Havana, Cuba – Cuba has made education of their citizenry a high priority. They are proud of the fact that their education is free from cradle to grave. Individuals can attend the university system and earn as many undergraduate and graduate degrees as they might have the inclination to achieve, at no cost. Although higher education is available and free, students have to go through an interview and examination process and meet the university standards in order to be admitted.
For grades 10-12, students have the option of pursuing an academic track that would prepare them for the college entrance exams or vocational programs that will prepare them for the world of work. For many years, Cuba has been graduating an impressive number of engineers, medical doctors, scientists and college professors. The socialist economy guaranteed them all employment after graduation. However, recent changes in the economy have reduced the number of jobs available to those holding academic degrees while at the same time, there has been an increasing demand for skilled workers.
Our group had the opportunity to visit the Restoration Workshop in Old Havana. Many young Cubans apply for admission into a program that will only accept 200 students. Applicants have to be at least 18 years old and must go through an interview process that gauges their personalities and abilities. Throughout the two years of the program, participants are taught the skills necessary to restore the many historic, but aging and decaying, buildings in Havana. They earn a modest salary while in the program. We saw the quality of their work in many of the buildings they have restored in Old Havana as well as at the current reconstruction of the Cuban Capitol.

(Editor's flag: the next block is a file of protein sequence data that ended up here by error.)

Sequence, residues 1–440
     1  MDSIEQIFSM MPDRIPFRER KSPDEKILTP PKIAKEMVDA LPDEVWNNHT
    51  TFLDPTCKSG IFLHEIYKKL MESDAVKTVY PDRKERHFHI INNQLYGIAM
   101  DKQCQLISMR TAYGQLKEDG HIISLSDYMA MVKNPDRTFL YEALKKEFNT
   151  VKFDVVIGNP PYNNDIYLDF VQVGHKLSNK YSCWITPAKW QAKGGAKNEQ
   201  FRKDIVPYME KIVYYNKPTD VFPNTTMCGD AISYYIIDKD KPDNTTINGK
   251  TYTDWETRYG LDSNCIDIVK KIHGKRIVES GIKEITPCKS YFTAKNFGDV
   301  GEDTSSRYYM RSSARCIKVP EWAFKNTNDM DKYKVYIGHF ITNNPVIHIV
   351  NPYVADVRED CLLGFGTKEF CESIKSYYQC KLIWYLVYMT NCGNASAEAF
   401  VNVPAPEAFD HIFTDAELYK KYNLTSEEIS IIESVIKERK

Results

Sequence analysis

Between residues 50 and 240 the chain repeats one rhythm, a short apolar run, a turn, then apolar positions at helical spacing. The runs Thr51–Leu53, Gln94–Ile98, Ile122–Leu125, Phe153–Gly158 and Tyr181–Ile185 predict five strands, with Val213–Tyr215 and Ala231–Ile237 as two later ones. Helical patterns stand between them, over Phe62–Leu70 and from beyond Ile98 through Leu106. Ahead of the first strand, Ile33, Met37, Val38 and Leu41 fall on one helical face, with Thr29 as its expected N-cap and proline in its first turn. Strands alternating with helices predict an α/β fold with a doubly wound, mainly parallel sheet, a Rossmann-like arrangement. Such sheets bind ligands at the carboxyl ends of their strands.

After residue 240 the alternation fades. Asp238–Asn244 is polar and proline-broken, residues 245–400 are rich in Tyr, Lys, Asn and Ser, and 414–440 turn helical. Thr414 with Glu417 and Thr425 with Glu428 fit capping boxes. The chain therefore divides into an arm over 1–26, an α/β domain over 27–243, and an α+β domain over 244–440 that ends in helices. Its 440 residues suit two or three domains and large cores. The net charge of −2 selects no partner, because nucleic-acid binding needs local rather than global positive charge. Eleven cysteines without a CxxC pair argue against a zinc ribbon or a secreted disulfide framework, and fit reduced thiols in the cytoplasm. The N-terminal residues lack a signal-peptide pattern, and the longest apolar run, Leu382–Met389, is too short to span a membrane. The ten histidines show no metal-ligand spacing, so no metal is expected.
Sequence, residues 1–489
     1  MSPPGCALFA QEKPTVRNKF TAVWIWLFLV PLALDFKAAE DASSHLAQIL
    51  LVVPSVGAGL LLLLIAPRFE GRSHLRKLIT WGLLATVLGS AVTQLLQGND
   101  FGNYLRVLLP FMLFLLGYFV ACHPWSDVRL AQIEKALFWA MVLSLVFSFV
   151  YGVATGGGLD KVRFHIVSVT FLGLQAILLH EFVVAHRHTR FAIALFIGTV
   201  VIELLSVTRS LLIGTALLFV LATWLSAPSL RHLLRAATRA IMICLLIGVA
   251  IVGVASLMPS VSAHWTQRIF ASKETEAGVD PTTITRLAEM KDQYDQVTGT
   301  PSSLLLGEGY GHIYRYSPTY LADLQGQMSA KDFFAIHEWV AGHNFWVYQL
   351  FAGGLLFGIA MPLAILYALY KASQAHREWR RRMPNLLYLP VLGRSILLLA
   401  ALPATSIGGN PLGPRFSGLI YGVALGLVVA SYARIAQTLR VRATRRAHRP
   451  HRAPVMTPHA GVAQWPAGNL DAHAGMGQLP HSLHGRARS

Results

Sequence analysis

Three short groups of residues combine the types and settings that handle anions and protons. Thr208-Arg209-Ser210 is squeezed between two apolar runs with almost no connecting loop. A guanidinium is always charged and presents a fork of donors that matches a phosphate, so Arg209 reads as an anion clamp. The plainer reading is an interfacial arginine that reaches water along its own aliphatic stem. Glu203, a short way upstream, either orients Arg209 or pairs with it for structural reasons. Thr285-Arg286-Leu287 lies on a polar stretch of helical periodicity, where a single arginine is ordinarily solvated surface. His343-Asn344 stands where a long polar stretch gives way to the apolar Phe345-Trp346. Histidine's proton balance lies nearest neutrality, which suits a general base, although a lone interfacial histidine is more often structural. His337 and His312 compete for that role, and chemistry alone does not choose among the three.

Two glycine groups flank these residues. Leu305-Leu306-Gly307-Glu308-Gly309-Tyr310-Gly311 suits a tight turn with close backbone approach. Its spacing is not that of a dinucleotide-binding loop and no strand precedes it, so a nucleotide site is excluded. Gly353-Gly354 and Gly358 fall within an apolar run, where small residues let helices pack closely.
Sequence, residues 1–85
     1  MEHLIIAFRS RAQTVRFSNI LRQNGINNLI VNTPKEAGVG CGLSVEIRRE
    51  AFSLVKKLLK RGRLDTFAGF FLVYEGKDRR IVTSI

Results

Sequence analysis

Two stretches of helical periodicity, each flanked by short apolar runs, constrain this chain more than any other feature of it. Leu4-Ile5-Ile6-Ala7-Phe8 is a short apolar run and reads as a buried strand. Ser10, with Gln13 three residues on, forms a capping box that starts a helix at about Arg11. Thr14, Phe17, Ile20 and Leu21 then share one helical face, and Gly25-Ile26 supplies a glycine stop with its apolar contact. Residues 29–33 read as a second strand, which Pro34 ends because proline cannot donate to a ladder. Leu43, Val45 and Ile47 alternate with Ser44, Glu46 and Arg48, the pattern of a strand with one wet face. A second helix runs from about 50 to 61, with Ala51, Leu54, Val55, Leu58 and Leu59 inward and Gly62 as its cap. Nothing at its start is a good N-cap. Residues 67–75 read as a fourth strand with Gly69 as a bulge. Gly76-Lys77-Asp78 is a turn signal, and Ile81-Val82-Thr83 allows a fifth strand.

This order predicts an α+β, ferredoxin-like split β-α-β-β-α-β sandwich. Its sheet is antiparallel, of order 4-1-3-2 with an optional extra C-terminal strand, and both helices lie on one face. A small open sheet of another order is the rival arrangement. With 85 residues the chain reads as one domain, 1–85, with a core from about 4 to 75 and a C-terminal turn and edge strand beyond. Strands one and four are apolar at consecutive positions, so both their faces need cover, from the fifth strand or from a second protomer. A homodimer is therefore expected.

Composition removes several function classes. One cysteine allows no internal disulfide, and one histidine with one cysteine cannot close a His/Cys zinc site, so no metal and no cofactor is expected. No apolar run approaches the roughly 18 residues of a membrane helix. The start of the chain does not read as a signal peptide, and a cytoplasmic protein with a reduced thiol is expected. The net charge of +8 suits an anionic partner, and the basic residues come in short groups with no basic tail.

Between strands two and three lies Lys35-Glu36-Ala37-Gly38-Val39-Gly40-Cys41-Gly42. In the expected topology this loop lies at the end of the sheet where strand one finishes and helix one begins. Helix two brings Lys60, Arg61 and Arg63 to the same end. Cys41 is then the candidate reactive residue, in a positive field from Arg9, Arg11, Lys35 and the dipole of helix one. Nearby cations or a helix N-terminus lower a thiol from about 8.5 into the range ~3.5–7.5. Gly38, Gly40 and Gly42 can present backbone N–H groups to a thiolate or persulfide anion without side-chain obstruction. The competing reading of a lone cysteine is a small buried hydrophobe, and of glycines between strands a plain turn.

The graduates are now very much in demand by Cubans who are buying many of the old buildings to establish restaurants and night clubs in the burgeoning privatization sector. Although in the prevailing socialist economy the majority of Cubans still work for the government, there is a growing number of individuals who have set up their own businesses and are employing individuals to work for them. Most of the 1950s vintage American cars that Cuba is so famous for are now taxis owned and operated by individuals, not the state. Trained mechanics are needed to keep those cars running.
Because of these factors, more students are opting to learn job skills that will earn them a higher income than if they had a college degree. In this regard we note that, as Cuba’s tourism grows, many of the tour guides are well educated professors and professionals who have abandoned their careers for the higher income they earn as tour guides.
Dan Domenech is the executive director of AASA, The School Superintendents Association. His blogged about the April 17-22 AASA Delegation to Cuba.